- Page 1Lexus LS600h L
- Page 2 Navigation
- Page 3 Entertainment
- Page 4 Communication
- Page 5 Comfort
- Page 6 Driver Aids and Safety
- Page 7 Drivetrain
- Page 8 Conclusion
By most metrics, Lexus’ “Intuitive Navigation” technology is thoroughly conventional. At its core is GPS technology augmented by the UK’s radio-based RDS-TMC traffic information system. On paper, that makes it significantly less powerful and sophisticated than the best aftermarket navigation systems. It conspicuously lacks, for instance, the detailed traffic data provided by TomTom HD Traffic or any live services beyond the relatively rudimentary information delivered by RDS-TMC. Forget weather updates, Google Local Search or anything that requires an Internet connection. The 600h doesn’t have one.
Likewise, it’s not as effective as the best aftermarket systems when it comes to providing alternative routes based on either live or historical traffic data or estimates of delay durations. For the record, it’s also worth noting that the system’s postcode input is limited to five digits. It’s not a major drawback, but again it does expose shortcomings compared to the best aftermarket systems. As for the Point of Interest (POI) database, well, much like those in other built-in sat-nav systems, it’s hardly comprehensive and probably of marginal utility beyond locating service stations or a hotel in an emergency.
However, where Intuitive Navigation does score points is through sheer polish and ease of use. For starters, the 8in touchscreen is vivid and boasts excellent viewing angles. It’s also extremely accurate. Rarely must you take a second stab at the screen when inputting commands or text. Just as good is the quality of the graphical interface it displays. Mapping data is rendered top-down and 2D with two colour schemes, optimised for day and night time use respectively. Superficially, that might sound old hat in the context of the latest 3D navigation systems. However, most 3D systems are frankly a bit of a ruse, more 2.5D than true 3D. In practice, Lexus’ 2D maps are far slicker to look at than the likes of, say, the jagged pseudo-3D interface of a standard TomTom.
More importantly, they’re clear and easy to follow. Thanks to the healthy 8in diagonal of the screen, the dual-map function combining large-scale and small-scale views simultaneously also works extremely well. The same can be said of the voice guidance notes. They’re clear, well paced and give plenty of warning before junctions and exits. The system also deserves points for its speed and responsiveness. As a fully integrated system, it’s always on in the background and therefore aware of the location of the car. During our week with the LS, it didn’t put a foot wrong, never got confused about the car’s location or sat there waiting to acquire satellite signals. Overall, it’s an intuitive, stress-free and pleasant system to use.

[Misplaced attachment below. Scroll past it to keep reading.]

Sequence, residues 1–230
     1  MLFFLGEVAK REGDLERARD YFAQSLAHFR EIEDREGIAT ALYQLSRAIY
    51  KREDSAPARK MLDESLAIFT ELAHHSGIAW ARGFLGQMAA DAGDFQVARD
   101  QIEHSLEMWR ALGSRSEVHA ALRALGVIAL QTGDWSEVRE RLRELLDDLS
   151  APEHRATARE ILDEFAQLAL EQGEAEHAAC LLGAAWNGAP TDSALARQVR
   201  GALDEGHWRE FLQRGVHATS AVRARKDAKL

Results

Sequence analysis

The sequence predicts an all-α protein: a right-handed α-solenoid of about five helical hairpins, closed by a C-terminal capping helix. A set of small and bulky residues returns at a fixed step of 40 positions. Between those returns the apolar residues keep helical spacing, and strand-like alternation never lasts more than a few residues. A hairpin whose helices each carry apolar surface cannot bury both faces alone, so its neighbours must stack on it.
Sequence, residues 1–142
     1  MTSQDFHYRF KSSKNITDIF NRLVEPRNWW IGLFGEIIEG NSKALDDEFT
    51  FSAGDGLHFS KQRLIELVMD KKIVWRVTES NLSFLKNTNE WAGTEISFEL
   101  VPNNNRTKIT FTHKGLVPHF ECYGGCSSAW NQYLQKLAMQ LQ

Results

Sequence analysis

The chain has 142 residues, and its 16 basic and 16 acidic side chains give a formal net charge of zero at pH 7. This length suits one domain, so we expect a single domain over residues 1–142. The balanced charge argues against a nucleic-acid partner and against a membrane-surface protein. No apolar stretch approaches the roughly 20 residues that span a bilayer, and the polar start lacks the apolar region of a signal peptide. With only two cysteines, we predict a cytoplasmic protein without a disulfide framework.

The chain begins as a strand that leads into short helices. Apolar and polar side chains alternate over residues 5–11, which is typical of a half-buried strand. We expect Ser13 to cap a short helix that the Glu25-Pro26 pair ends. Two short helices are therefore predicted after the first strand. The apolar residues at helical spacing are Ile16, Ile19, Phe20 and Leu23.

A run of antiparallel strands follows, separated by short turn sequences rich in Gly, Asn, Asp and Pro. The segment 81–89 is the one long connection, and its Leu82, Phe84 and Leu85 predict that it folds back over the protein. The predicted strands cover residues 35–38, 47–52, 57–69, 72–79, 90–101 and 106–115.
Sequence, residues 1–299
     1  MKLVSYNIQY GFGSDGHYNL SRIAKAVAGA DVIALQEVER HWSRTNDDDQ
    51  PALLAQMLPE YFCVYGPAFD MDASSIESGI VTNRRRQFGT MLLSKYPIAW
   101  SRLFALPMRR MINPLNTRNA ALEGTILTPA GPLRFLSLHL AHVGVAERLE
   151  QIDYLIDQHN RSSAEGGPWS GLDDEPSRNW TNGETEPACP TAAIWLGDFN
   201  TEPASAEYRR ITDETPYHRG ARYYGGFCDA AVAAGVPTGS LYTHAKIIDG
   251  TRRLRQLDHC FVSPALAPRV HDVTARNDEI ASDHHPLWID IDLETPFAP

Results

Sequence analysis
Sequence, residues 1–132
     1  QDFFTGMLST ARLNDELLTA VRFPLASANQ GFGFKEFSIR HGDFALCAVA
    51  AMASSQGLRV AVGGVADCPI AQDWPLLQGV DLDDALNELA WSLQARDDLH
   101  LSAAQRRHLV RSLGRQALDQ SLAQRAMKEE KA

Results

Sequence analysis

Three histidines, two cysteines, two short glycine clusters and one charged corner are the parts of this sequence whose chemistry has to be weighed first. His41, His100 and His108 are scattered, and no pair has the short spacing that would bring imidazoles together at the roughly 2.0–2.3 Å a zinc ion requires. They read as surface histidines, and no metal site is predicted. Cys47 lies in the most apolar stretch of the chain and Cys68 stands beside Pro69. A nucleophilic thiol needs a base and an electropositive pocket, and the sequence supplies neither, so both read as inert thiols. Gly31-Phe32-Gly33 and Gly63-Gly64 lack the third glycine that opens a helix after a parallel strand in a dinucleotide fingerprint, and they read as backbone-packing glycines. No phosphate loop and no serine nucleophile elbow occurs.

There are, however, a few niggles. For starters, the voice command interface is extremely limited. Destinations must be pre-programmed into one of five memory slots, which can then be vocally requested by number. This is a particularly strange limitation given that the physically identical variant of the LS sold in the North American market supports full address input via speech recognition.
With that in mind, we also feel Lexus has gone overboard with the safety-related restrictions with which it has saddled the navigation system. The vast majority of options are locked out if the car is in motion. Only the five pre-programmed destinations can be accessed. Granted, it’s clearly undesirable from a safety perspective to have drivers wrestling with complex information systems while on the move. But the downside is that front seat passengers are also locked out. In short, if you want to input a new destination or select one from the recent destination list using the touchscreen interface, even from the passenger seat, you must bring the vehicle to a complete halt.
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On a final note, we are obliged to give the heads up regarding the navigation system’s DVD-based underpinnings. That makes map updates more complex and expensive to perform because, typically, partial dash disassembly is required in order to swap the disk over. In short, it’s distinctly undesirable compared to a hard drive based system.